2023 has been a tough year for UK shares and I expect more volatility before the long-awaited stock market rally.
But when it arrives – as it inevitably will at some point – I want to be ready for it. I don’t want to end up kicking myself for failing to buy bargain UK shares today. I want to get in right at the start of the recovery.
Since timing the market is impossible, this runs the risk of buying shares too soon and seeing them fall before they climb. I will mitigate this into two ways. First, by spreading out my purchases over the next month or two. Second, by investing with a minimum 10-year view, to give my stock picks time to recover. Some of them need it.
I’m racing ahead of the cycle
With £5,000 at my disposal, I’d look to buy five different stocks. As well as spreading my risk, this would help me capture different parts of the economy. Also, it’ll make my portfolio more fun to monitor.
The commodity, property, consumer discretionary and financial services sectors are all cyclical sectors that should lead the upturn, so I’m targeting them. To narrow my focus, I’m looking for stocks that have fallen at least 25% over the last 12 months.
Which instantly throws up Anglo American. The mining giant recently cut its dividend by half as commodity prices and profits slip, along with China’s growth prospects. Yet today’s challenging conditions look priced in as the stock is valued at just 5.69 times earnings. It’s risky but should prove rewarding, over time.
The UK property sector is a scary place as the mortgage crunch intensifies but I still don’t expect a full-blown crash with property in such short supply. Buying housebuilder Persimmon is nonetheless a brave call as it reported a 66% drop in profits to £151m yesterday.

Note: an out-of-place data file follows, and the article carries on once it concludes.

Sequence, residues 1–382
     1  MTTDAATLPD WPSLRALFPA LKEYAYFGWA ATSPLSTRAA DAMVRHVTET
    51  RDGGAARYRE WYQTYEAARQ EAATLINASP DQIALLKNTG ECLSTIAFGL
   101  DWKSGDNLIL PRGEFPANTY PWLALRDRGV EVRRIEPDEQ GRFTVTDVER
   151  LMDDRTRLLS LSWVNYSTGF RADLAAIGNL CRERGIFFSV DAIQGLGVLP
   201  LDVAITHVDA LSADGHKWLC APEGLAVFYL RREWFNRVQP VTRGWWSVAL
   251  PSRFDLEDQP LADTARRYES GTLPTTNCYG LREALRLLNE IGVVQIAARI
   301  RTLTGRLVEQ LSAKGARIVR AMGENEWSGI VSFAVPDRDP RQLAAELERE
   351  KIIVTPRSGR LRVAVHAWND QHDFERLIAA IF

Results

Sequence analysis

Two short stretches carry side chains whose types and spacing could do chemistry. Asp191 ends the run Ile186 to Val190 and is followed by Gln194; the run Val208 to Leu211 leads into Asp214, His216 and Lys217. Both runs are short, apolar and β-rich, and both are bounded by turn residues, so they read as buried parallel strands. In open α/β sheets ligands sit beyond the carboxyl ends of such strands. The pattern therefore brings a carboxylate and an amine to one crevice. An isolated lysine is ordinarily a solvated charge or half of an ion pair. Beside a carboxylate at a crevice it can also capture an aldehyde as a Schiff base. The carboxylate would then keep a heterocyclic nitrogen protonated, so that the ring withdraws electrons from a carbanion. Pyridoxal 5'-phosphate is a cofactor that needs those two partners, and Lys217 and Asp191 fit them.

Yet its share price has been climbing in recent weeks as investors bet the worst will soon be over. Again, I’d have to give it several years to fully recover, but that’s the point here.
I’d back it up with a different kind of property stock, retail and logistics developer British Land. It recently slipped into the FTSE 250 but is benefiting from strong rental income while its retail parks are withstanding the consumer downturn. It offers a 6.77% dividend yield as well as bounce-back potential.
On the right road
FTSE 250-listed online rail ticket seller Trainline is getting back on track after reporting a 75% jump in full-year revenues as European routes open up to competition, boosting ticket sales. And that’s despite UK rail strikes. It looks pricey, trading at more than 30 times earnings but those earnings are rising fast, up 121% to £86m last year. It could take my £1,000 a long way, given time.
Finally, a financial services company. FTSE 250-listed Liontrust Asset Management has been hit by investor outflows and uncertainty over its £96m acquisition of Swiss asset manager GAM, but could roar again when the stock market rally arrives. Liontrust maintained its dividend despite a dip in profits and it now yields a whopping 11.04%.
All five cyclicals promise further bumpiness. Yet over my lengthy timeframe, I’d hope they’d turn my £5k into something a lot more substantial.